What Your Credit Score Is

A credit score is a prized number for some and a serious hindrance for others. Weather you are trying to get car insurance, a new – or first - credit card, a new job or a cell phone, this number will affect your acceptance and interest rate. Most people know the term credit score, but few know what it actually is.

A credit score is a prized number for some and a serious hindrance for others. Weather you are trying to get car insurance, a new – or first - credit card, a new job or a cell phone, this number will affect your acceptance and interest rate. 
 
Most people know the term credit score, but few know what it actually is. A credit score is a measure of credit risk based upon a credit report. Like everything else, this has become so complicated, using many more parties and bureaus and formulas then necessary. There are three main US Credit Bureaus; Equifax, Experian, and TransUnion. Equifax is a publicly traded company in the US (NYSE:EFX),   Experian is a publicly traded company in London (LSE:EXPN) and TransUnion is a private company.
 
Each of these bureaus create a credit report. However each bureau may not have all of the same information, so your score can differ from one to another. The score is often derived from the FICO model; although there are other models; NextGen, VantageScore, and the Consumer Empowerment (CE) Score. The FICO score results in the usually known range of 300 – 850. VantageScore uses a range of 501 – 990 and classifies this through an A to F ‘grade.’ However, most other models mimic the 300 – 850 score. It is nice to know they are keeping this simple.
 
Moreover, in January 2009 the three bureaus changed their standard formula resulting in a dramatic change if your credit limit was changed. Since credit card companies were slashing limits at record paces last year, this was a significant change. Not only did your purchasing power diminish by having access to less credit, one’s score diminished resulting in the inability to get more credit.
 
So, we have one US listed, one British listed and one private bureau using an amalgam of statistical analyses to determine how creditworthy a person is. The actual formula is exclusive to the bureau or other credit agencies, but the FICO model has disclosed the approximate weighted average.
 
35% - Payment History
 
Make your payments on time. For this aspect, amount - as long as it is at least the minimum - does not matter. Pay your bills on time. This will reverberate that you are responsible.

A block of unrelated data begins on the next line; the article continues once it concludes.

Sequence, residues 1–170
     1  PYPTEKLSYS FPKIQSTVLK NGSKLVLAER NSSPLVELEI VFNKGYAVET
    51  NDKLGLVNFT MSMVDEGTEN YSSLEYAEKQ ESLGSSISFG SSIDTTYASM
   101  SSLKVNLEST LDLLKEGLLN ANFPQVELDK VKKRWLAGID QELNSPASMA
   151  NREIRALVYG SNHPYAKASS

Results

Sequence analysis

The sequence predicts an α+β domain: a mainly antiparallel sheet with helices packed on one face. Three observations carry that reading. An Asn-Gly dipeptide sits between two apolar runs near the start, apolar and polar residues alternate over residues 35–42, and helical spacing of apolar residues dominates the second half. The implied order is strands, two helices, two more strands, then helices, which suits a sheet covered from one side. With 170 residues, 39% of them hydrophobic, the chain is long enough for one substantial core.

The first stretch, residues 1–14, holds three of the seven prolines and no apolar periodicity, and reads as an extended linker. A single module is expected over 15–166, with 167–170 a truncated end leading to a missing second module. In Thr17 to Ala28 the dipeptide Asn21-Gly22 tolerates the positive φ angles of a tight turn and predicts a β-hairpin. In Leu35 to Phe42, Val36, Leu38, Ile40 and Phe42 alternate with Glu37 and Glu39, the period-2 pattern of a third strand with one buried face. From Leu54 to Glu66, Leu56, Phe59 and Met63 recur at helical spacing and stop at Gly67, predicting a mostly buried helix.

30% - Credit Utilization
 
How much do you have outstanding compared to how much credit you have. Keep this to about 10% of your revolving credit. Consolidating credit card balances or, as mentioned above, having credit limits slashed adversely affects this aspect.
 
15% - Length of Credit History
 
The longer the track record of maintaining responsible use of credit, the better. 
 
10% - Types of Credit Used
 
The more types of credit - revolving (credit cards), installment (student loan), or other - the better. Like an investment portfolio, diversification is key.
 
10% — Recent search for credit and/or amount of credit obtained recently
 
The more searches/inquiries or the more credit line increases by request of the consumer, the more your score is affected.
 
Now, the government has mandated that once a year everyone is entitled to a free copy of their report from each of the three bureaus. It would behoove you to get them and look over them. If you notice any discrepancy, call the credit issuer. If you need to close an account, have it read “closed by customer’s request.”
 
This score, although bastardized, is vital to landlords, cell phone carriers, employers and lenders. We all need a place to live and work. Who remembers anyone’s phone number anymore? That cell phone is almost as important!

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Comments

  • shuka

    February 04, 2010

    This is awesome. I do none of these things unfortunately.

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